Hundreds of homebound Nepalis stranded in no-man’s-land in KapilvastuScores of people gathered at the border attempted to enter Nepal on Monday, but they were stopped by security personnel of the Armed Police Force.
Manoj Paudel & Sanju Paudel
As many as 343 homebound Nepalis had reached the no-man’s land along the Nepal-India border in Kapilvastu by Wednesday afternoon, but they were denied entry into the country. Security personnel of the Armed Police Force stopped the Nepalis from crossing the border, as the country is currently under lockdown to prevent the outbreak of Covid-19.
“It’s been more than 40 days since the lockdown and we had difficulties managing food and shelter in India. So we were compelled to return home,” said Dinesh Bhar, a resident of Kapilvastu. According to him, it took him seven days to reach the border from Mumbai in Maharashtra, India. “I walked and hitchhiked to the no-man’s land,” he said.
The returnees say they have been staying at the no-man’s land without food and water since they were stopped from entering the country.
“We decided to come home rather than starve in a foreign land. But the police stopped us at the border,” said Buddiram Raidas of Kapilvastu.
A total of 155 people spent the night in the border area on Tuesday, and they were joined by 188 others on Wednesday. Ninety-eight people are staying in the no-man’s-land in Maryadapur, 81 in Chakalchauda, 62 in Hardauna, 48 in Krishnanahar, 46 in Bhilmi, seven in Hathihawa and one in Bijayanagar.
Local units and some individuals, in coordination with the security personnel deployed at the border, provided tents and food to those stranded.
Meanwhile, the local administration said it was out of their jurisdiction to take a decision on whether to allow the returnees to enter Nepal or not.
“The federal Ministry of Home Affairs instructed us not to let anyone cross the border. We are following the ministry's order,” said Dirgha Narayan Paudel, the chief district officer of Kapilvastu. According to him, efforts are underway to keep the stranded Nepalese in quarantine in India. “We are coordinating with the administration of Siddharthnagar in India,” he added.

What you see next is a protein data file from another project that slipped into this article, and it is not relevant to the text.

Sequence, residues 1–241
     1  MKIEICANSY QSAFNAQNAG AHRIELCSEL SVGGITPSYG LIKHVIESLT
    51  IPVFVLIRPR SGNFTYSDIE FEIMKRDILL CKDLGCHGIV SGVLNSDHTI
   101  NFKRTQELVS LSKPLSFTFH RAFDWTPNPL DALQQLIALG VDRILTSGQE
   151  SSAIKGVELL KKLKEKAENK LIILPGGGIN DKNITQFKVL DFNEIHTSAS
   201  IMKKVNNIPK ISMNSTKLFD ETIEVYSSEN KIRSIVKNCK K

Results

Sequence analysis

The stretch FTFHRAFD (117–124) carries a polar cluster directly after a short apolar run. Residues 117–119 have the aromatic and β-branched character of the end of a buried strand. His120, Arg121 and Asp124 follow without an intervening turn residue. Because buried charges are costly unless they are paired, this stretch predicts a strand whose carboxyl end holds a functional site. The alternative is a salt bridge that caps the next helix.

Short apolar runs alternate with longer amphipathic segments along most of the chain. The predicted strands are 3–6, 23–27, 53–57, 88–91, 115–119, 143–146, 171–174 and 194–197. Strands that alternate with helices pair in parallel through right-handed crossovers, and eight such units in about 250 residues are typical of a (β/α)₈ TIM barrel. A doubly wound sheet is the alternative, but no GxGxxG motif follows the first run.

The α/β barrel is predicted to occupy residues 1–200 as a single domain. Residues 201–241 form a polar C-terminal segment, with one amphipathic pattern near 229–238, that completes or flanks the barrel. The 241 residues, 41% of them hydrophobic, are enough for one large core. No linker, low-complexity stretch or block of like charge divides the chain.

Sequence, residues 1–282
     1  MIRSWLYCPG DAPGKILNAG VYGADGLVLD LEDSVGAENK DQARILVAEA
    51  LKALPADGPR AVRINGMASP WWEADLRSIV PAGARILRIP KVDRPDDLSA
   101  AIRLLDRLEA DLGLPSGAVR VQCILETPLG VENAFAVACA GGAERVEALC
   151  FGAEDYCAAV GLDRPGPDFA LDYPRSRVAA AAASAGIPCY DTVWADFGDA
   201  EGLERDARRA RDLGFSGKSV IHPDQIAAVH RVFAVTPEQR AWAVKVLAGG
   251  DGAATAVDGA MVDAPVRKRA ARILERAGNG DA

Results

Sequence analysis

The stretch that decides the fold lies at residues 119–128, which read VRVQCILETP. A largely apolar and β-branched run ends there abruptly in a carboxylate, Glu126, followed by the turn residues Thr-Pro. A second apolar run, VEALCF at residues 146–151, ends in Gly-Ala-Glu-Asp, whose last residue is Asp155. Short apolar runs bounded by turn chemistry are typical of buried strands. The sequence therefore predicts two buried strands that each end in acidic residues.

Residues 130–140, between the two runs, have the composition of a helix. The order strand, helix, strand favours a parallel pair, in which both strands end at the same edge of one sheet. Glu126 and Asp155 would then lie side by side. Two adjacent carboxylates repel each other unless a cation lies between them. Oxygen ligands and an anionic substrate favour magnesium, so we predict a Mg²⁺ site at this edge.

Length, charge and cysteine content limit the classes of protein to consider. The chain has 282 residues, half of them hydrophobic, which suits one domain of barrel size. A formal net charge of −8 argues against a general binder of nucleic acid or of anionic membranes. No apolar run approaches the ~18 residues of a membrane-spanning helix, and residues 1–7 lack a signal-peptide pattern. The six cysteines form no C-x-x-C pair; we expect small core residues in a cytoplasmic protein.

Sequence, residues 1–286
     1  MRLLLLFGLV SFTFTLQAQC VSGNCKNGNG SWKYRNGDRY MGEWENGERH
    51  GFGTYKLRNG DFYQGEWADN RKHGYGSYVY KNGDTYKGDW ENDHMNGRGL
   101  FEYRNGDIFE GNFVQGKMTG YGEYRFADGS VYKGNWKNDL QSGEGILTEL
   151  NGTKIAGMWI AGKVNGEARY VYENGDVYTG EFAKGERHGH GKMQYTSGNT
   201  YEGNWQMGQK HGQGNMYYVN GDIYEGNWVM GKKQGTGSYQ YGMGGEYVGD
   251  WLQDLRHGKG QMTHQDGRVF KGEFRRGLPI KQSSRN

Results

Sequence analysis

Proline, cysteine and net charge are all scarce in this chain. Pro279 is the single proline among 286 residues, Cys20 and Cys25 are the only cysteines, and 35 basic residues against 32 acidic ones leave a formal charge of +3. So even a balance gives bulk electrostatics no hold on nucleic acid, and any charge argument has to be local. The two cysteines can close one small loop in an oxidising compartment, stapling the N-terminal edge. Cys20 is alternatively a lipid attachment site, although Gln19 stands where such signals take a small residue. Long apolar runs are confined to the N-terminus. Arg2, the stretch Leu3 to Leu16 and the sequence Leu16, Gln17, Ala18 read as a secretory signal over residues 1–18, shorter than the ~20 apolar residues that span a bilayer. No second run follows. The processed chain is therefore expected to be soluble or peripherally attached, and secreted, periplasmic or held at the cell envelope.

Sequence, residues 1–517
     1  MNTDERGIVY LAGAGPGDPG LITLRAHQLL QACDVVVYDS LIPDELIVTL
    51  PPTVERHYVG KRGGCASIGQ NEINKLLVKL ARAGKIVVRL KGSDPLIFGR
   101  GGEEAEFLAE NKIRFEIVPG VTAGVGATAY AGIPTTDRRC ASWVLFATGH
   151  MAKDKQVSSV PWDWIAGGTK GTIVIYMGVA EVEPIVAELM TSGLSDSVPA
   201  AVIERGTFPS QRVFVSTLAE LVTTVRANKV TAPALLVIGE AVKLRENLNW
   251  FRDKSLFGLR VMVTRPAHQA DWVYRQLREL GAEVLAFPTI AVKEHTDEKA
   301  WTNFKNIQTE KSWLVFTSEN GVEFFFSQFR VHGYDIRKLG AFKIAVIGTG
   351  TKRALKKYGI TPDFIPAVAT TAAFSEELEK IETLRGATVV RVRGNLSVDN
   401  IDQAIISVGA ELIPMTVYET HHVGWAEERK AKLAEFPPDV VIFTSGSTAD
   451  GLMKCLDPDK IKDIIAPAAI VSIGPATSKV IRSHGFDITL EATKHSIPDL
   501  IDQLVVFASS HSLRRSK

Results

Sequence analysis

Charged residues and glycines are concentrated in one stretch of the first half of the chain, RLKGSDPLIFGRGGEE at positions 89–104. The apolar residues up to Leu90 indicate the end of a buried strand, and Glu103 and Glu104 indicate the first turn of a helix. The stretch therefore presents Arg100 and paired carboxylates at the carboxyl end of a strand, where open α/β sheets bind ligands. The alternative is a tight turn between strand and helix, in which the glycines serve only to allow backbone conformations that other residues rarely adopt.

Following the government’s decision, the Armed Police Force has sealed the 93-km-long Nepal-India border in Kapilvastu to prevent people from crossing the border. The Cabinet meeting held on Wednesday has decided to extend the nationwide lockdown until May 18 and to continue closing all border points until May 31.
However, in Rupandehi, many people are still found crossing into Nepal through porous border points at night. People’s representatives in the district complained that Sammarimai, Mayadevi and Kotahimai rural municipalities, which border with India, are at high risk of coronavirus outbreak, as people are still crossing into Nepal through these border areas.
Netra Prasad Ghimire, chief administrative officer at Kotahimai, said the entry of people from India is still going unchecked.
“People are crossing streams and walking through forests to avoid security. Some of them come to our contact while many entrants are not traced,” said Ghimire.
According to APF Inspector Anil Thapa, a total of 75 security personnel are deployed in the border outpost in Marchawar, but security in the forest areas is lax at night.